—Lorraine Hansberry, Letter to the Editor of The New York Times, April 23, 1964

As Lorraine Hansberry recalls in this letter, when her family moved into the all-white Washington Park neighborhood in 1937, neighbors besieged their new home. A brick thrown through their window narrowly missed the then eight-year- old Lorraine, but it left its mark nonetheless.

One white neighbor, Anna Lee, sued Hansberry’s father for violating the area’s restrictive covenant: a legally binding agreement among local white landowners that prohibited selling property to Black families. The Illinois Supreme Court upheld the restrictive covenant and ruled to evict the Hansberry family. When Hansberry and the NAACP appealed to the United States Supreme Court, the ruling was reversed— but only based on a technicality. Restrictive covenants remained legal for almost a decade after Hansberry v. Lee, making it a landmark but partial victory.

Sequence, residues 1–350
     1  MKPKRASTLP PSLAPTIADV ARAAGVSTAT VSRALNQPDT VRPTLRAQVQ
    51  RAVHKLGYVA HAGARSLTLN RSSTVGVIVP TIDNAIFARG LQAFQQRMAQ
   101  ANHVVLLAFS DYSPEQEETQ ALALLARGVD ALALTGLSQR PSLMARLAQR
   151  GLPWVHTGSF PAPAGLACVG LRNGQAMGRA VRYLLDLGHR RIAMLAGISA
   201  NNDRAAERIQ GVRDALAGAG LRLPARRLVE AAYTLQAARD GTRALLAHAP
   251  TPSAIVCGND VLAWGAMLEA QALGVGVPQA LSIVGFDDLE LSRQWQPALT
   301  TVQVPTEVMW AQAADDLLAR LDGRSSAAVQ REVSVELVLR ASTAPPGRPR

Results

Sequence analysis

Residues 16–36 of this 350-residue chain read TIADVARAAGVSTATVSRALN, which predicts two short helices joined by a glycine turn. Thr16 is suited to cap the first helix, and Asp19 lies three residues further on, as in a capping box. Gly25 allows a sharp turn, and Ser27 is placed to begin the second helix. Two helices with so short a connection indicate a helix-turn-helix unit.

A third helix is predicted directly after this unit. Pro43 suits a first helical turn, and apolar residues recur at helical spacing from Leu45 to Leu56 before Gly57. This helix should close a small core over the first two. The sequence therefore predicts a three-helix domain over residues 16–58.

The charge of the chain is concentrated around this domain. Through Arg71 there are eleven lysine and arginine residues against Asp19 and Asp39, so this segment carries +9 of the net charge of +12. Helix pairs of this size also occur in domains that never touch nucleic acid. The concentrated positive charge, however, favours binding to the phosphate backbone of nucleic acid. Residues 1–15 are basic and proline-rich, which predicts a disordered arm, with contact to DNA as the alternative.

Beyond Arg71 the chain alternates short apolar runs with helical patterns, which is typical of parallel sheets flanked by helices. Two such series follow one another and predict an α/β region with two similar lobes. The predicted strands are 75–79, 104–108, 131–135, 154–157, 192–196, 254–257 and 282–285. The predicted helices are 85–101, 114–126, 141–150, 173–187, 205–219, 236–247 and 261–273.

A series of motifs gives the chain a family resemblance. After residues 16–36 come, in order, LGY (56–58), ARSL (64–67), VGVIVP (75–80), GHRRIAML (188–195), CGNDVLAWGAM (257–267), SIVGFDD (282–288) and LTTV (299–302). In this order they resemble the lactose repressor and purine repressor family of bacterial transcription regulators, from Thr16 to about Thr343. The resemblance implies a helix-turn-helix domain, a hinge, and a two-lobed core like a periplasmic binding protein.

In 1946, Hansberry’s father died suddenly on a trip to Mexico, and she blamed the stress of Hansberry v. Lee for his untimely death. Hansberry’s experience inspired A Raisin in the Sun and still urges us to examine how, despite the monumental efforts of the Hansberries and others like them, Black residents were “as ghetto-locked as ever.”

Housing Discrimination in Chicago

In the South, Jim Crow laws enforced segregation, while in the North, the law administered racism more insidiously. A powerful system of both legal and private housing discrimination confined Black families to so-called “Black Belt” neighborhoods like Bronzeville and cut them off from opportunities for home ownership.